Many patients suffer for years, develop disability and some die due to such dangerous relatives who experiment upon them, delaying investigations and treatment. The most common purpose is saving money, but there are also whims and illogical, dangerous treatments without the knowledge of the contents and interactions between medicines of different medical and quackery streams. The doctors who try hard to save the damage in the last moments often become victims of criticism. This dangerous disease called “Relatives” who suggest everything but disappear when the patient truly needs them has become rampant in our society!

As for my patience, I had to take it for a long night drive and feed it a lot of icecream that day to agree to return to stay with me again.
© Dr. Rajas Deshpande

(Yes, some doctors take advantage and earn money through tests. This is definitely wrong, but the price of delayed and denied tests is far more. In fact, many relatives make that an excuse to avoid spending for the tests. It is conveniently forgotten that almost all essential tests are available at govt. / charity hospitals at a negligible cost).

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The Paragon of Courage (My Worst Night As a Doctor)

The Paragon of Courage
(My Worst Night As a Doctor)
© Dr. Rajas Deshpande

“She is sinking. Unlikely to survive” said a doctor who had come for second opinion. The parents broke down. The father, a gentleman, held his speech as tears ran down his face, but the mother, like all mothers, could not hold her pain.
“Why Us? Is this all really happening? Why did we even do this procedure? I don’t know anything, doctor. I want my little girl back” she said, crying.

That was the worst night of my career as a Neurologist.
It was 2 AM. Dr. Anand Alurkar and myself waited on the road outside Ruby hall Clinic, Pune. We both felt extremely low, tearful. The loss of a life as a complication of treatment is the worst nightmare of a doctor. To save lives, a doctor must take courageous decisions, do the best thing for the patient. Every doctor, especially a surgeon, has to face this cruel dilemma: to not treat, let things be and leave the patient to nature’s rules and agonies, or try to save a life with the two inherent risks: a medical complication and the reality that such a complication may make the doctor an instant villain.

Three days prior, Tanushree, a 17 year old student from Manipur had gone to Pune airport to see off a friend. She suddenly fainted there and had a convulsion. Her friend brought her to my OPD. Her examination was normal, but she seemed quite aloof and had mild headache. An urgent MRI showed a bleeding in her brain. She had a bunch of abnormal blood vessels in the brain, which form a tangle. Some such blood vessels may bleed as they have thin wall, or when the pressure inside the bunch increases. In such cases the abnormal blood vessels are usually closed with a glue injected inside them. It is a standard, but very complicated procedure that requires skill and experience of years. I had called in Dr. Anand Alurkar, he had treated many such cases successfully. He opined that the girl would need such glue injection / embolization.

The procedure is risky (one must enter the brain’s blood vessels with a thin tube / catheter inserted from the leg), and other than the usual minor risks of any hospital procedure, the major risk here was a possibility of fresh bleeding in the brain, which happens in 1 percent of cases even if the procedure is correctly done. Such bleeding can even be life threatening.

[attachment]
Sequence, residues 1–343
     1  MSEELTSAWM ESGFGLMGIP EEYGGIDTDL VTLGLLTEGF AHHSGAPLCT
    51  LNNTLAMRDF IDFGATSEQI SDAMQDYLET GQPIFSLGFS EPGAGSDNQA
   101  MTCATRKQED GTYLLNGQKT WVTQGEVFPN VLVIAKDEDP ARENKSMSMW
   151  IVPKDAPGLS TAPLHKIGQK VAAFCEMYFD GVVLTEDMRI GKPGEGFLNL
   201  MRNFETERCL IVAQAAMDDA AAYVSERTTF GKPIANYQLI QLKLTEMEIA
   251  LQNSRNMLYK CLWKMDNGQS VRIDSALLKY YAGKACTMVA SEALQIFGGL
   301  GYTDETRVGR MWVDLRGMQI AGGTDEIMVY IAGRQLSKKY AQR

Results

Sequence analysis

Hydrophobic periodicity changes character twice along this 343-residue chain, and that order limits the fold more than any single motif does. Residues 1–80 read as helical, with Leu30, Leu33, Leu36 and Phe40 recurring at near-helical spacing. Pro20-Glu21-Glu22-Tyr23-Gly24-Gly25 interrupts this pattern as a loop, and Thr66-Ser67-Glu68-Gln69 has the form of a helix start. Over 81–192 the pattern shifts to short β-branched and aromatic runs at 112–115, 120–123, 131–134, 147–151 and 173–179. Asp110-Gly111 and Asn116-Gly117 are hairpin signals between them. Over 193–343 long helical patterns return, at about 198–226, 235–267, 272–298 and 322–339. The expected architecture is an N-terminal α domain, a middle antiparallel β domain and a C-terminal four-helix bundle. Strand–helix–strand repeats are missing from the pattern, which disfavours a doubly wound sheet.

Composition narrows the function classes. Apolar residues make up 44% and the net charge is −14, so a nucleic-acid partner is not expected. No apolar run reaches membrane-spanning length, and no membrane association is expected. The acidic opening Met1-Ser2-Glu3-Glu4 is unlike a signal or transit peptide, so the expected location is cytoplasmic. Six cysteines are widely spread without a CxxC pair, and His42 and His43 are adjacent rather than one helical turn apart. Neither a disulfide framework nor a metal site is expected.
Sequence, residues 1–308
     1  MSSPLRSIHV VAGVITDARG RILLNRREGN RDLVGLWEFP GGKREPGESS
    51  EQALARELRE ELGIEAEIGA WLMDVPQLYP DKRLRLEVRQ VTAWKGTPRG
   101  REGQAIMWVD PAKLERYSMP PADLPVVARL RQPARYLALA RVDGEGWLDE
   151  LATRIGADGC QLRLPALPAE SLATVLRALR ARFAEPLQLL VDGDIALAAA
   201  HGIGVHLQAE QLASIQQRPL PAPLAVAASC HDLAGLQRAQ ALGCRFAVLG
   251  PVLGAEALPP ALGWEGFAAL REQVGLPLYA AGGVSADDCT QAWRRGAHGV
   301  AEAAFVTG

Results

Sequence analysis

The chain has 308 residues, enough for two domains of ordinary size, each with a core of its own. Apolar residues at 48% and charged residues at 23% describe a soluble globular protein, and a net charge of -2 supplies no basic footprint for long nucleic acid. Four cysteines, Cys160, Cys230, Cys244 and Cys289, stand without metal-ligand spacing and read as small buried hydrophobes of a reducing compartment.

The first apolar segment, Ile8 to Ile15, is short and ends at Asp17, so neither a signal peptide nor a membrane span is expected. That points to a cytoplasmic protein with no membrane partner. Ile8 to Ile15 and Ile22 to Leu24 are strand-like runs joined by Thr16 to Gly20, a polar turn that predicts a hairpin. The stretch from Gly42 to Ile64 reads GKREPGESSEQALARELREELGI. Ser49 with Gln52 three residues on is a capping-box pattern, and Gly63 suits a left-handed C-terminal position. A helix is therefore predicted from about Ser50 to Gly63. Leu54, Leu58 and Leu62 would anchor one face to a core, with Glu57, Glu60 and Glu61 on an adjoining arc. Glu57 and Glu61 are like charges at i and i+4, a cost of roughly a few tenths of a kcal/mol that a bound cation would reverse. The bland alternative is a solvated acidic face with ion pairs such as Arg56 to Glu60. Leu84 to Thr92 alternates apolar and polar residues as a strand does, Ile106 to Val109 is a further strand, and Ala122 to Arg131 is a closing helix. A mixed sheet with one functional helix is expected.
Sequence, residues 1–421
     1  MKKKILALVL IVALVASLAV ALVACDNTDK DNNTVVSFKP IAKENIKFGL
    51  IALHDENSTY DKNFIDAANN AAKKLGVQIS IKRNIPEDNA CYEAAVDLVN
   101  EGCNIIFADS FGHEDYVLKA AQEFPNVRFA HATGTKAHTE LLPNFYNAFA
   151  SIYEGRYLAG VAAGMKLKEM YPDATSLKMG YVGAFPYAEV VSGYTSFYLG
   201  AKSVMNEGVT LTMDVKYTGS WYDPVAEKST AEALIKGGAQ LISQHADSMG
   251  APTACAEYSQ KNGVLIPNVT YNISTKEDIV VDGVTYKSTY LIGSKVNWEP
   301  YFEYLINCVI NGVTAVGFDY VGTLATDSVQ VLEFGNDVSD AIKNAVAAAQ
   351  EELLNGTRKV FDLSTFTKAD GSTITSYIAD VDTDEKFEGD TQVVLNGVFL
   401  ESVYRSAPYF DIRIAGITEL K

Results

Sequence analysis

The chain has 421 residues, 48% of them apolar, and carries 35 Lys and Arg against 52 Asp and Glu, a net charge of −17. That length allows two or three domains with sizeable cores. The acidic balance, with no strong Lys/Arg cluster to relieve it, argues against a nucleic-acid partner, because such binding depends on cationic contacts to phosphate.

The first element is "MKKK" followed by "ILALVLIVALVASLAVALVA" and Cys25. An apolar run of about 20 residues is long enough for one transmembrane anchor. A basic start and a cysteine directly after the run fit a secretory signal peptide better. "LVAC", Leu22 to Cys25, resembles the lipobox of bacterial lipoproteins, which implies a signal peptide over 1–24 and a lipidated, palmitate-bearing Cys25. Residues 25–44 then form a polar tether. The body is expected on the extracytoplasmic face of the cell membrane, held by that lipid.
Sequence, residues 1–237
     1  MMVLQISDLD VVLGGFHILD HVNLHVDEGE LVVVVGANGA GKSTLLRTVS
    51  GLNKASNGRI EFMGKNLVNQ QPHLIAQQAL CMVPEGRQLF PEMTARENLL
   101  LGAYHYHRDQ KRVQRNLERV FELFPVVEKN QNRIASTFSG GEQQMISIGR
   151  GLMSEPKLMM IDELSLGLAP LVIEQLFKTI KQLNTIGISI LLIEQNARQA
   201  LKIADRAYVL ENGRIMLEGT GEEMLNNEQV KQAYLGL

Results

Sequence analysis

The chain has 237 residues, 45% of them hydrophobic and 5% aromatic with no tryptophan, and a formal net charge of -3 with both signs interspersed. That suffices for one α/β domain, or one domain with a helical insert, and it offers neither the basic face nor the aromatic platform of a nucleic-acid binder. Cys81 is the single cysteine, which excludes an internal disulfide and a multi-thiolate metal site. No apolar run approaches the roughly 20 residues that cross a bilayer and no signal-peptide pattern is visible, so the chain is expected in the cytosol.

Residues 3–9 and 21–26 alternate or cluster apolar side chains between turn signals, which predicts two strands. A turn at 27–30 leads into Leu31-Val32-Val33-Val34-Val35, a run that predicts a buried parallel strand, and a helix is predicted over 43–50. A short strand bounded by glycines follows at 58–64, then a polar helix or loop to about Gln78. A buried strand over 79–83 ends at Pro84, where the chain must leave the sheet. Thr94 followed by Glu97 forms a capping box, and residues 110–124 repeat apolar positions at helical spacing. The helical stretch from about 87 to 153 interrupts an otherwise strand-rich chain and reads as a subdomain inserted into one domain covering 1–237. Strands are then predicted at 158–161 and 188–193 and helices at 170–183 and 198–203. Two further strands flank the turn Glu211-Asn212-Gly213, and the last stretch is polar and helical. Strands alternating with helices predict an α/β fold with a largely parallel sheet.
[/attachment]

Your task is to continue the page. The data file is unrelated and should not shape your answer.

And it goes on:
Tanushree’s parents, Mr. Khuraijam RatanKumar Singh and Mrs. E. Meghabati Rani ji, were in Manipur. They arrived immediately. Mr. Khuraijam is a highly placed officer, and wanted to give her the best treatment options, they didn’t care about expenses.

We could understand that we were quite new as doctors for the family, and far away from their home, in a strange land. In view of recent bleeding in the brain, it would be risky for Tanushree to fly. We had all the necessary facilities. We explained the situation to them, including the risks. Her parents told us that they had complete faith in us. They signed the papers, consenting for the procedure. Tanushree was fully conscious, and had no complaints.

A brave teen, she went into the cathlab smiling, at 3 PM.

The procedure took over three hours, at @ 6 PM Dr. Anand confirmed that everything was done well, she was stable. She was shifted out to the ICU for observation. I saw her after the procedure, she smiled back. We went home for dinner. I planned to return to see her late night.

The nightmare began.
Just before I reached home, I got a call from the ICU team. “Tanushree complained of a severe headache, and then has become unconscious” said the panicked ICU doc.
“Get an urgent CT scan” I said as I took a U-turn. It was 9 PM.
The CT scan showed fresh bleeding.

That one major complication, known to happen in extremely rare cases despite all precautions, had happened in this 17 year old teen. The bleeding was substantial. Dr. Anand came rushing back too. We started all the emergency treatments for reducing the swelling on her brain. The parents, lost and broken, supported each other. Her mother was upset with the whole thing, and felt guilty that they had consented for the procedure. I understood her feelings, but was helpless. I knew how my mother would have reacted, and this was not different. We now prayed that Tanushree improved, and desperately hoped that her brain swelling reduced. But things went worse.